STATE OF MINNESOTA
IN COURT OF APPEALS
C0-99-1551

In re the Marriage of:
Mamie Marie Vangsness, petitioner,
Appellant,

vs.

Michael Alan Vangsness,
Respondent.

Filed March 17, 2000
Affirmed
Crippen, Judge

Pope County District Court
File No. F798132

Brenda Velde, 1118 Broadway, Alexandria, MN 56308 (for appellant)

Belvin Doebbert, 605 South Lakeshore Drive, Glenwood, MN 56334 (for respondent)

Considered and decided by Toussaint, Chief Judge, Crippen, Judge, and Foley, Judge.*

S Y L L A B U S

1. Because the reviewing court views the record in the light most favorable to the trial court's findings of fact, deferring to the court's credibility determinations, the mere existence of evidence that could support findings other than those made by the trial court does not render these findings defective. A party challenging trial court findings must address the evidence that directly or indirectly supports the findings.

2. On an appeal from the trial court's initial placement of physical custody of children in a dissolution case, it must be determined whether the trial court has made findings on relevant best-interests considerations and whether those findings are adequately supported by the evidence. Although the appellate courts must also determine if there has been an abuse of discretion or a misapplication of law in the trial court's ultimate determination of the children's best interests, there remains no more specific standard in that regard that has been utilized to reverse a trial court placement decision.

O P I N I O N

CRIPPEN, Judge

Appellant Mamie Vangsness and respondent Michael Vangsness married and had three children. The 1998 judgment dissolving their marriage reserved issues, including custody. The order placing temporary custody of the children with appellant forbade the parties from criticizing each other or trying to influence the children's custodial preference. In May 1999, following a trial, the district court placed physical custody of the children with respondent. Appellant's post-trial motion alleged that she was entitled to a new trial because the evidence did not support the custody placement and because respondent committed misconduct by criticizing her to the children, influencing their custodial preference, and rehearsing the children's testimony. Appellant also sought a new trial based on her allegations that she had newly discovered evidence of respondent's alleged wrongdoing. She appeals the trial court decision denying most of her requests. Alternatively, she seeks an outright reversal of the trial court's placement of custody with respondent. Because the trial court's findings are not clearly erroneous and address the relevant best-interests concerns, and because no other abuse of the trial court's broad discretion is demonstrated, we affirm.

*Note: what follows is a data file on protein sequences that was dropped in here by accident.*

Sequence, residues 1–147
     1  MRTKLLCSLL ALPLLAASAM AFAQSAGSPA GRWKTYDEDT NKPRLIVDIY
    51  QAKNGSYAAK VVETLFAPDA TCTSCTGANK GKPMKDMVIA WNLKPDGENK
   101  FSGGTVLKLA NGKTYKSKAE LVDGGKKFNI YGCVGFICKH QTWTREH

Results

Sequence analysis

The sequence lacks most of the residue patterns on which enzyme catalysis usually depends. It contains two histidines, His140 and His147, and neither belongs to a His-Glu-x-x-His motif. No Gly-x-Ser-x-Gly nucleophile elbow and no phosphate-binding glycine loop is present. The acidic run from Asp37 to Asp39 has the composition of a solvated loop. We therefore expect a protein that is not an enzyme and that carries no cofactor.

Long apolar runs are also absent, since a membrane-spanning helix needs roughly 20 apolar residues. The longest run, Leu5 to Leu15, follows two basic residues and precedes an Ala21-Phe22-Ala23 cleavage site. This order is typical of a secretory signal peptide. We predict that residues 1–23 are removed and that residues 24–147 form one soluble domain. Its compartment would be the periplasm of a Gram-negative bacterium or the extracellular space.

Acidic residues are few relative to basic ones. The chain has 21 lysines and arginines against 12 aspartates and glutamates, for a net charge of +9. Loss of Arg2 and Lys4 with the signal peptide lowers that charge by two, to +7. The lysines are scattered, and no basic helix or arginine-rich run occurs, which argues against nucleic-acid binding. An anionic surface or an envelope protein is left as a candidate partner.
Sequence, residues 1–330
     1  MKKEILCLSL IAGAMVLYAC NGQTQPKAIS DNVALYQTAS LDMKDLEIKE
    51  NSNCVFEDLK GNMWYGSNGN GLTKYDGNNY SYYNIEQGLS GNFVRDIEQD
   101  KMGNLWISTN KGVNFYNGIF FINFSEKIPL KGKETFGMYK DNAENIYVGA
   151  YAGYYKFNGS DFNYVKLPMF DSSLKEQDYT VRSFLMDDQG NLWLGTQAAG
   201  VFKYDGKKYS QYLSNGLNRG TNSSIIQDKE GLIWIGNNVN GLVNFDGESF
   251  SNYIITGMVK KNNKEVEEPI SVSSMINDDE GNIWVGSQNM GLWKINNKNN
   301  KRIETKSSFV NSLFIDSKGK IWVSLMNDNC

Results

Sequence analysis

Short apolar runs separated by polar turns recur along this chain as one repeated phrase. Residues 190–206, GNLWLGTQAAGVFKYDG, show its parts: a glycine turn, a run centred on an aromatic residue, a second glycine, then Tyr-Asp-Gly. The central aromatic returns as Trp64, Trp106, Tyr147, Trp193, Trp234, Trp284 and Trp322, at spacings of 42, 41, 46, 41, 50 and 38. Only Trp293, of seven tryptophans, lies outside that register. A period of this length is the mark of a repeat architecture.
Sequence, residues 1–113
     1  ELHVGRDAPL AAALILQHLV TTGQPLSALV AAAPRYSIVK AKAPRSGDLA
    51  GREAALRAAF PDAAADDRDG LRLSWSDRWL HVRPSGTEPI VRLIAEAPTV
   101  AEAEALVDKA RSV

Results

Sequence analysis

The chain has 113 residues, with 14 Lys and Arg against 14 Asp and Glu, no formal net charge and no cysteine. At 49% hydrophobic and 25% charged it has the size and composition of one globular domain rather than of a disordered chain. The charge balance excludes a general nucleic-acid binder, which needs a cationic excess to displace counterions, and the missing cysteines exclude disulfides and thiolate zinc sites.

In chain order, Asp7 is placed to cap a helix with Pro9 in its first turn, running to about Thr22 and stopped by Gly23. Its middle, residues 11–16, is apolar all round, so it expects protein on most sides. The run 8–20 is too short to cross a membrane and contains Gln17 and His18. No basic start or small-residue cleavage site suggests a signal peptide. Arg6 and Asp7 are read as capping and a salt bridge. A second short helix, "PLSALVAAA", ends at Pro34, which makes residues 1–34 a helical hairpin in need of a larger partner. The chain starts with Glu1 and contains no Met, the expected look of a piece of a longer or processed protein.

FACTS

The parties were married in 1985 and have three children. In May 1996, appellant moved out of the family home. Shortly thereafter, appellant's boyfriend moved in with her and the children. In August 1996, the parties had a dispute in which respondent allegedly threatened appellant. The parties dispute the details of the incident.

In January 1997, respondent was laid off, appellant went back to school, and the parties agreed the children should live with respondent. In June 1997, the parties, the children, and the police were involved in another incident. The parties dispute the details, but as a result, the youngest child moved back in with appellant. In January 1998, the older two children moved back in with appellant. In March 1998, respondent moved in with his girlfriend.

Appellant petitioned to dissolve the marriage in May 1998, seeking physical custody of the children. Respondent also sought physical custody. The trial court dissolved the parties' marriage in August 1998 and reserved all other issues. A month later, the court placed temporary custody of the children with appellant and ordered a custody study. Also, respondent married his girlfriend. The custody study, completed in November, states that all three children told the evaluator that they wanted to live with respondent and recommends that placement of sole physical custody of the children be with him.

The custody trial started in February 1999 and ended in March 1999. During trial, the court conducted in-camera interviews of each of the children, then ages 12, 11, and 6; the older children said they wanted to live with respondent.

Appellant's post-trial motion, following the placement of custody in May 1999, was accompanied by an affidavit by the parties' oldest child. After a hearing, the trial court made only non-substantive alterations to the May order.

ISSUES

1. Did the trial court abuse its discretion by not granting appellant a new trial because the evidence does not support the trial court's findings of fact?

2. Aside from examining the sufficiency of evidence for the trial court's findings of fact, which adequately address statutory best-interests considerations, has appellant demonstrated an error of the trial court in its determination of the best interests of the children?

3. Did the trial court abuse its discretion by not granting appellant a new trial for newly discovered evidence?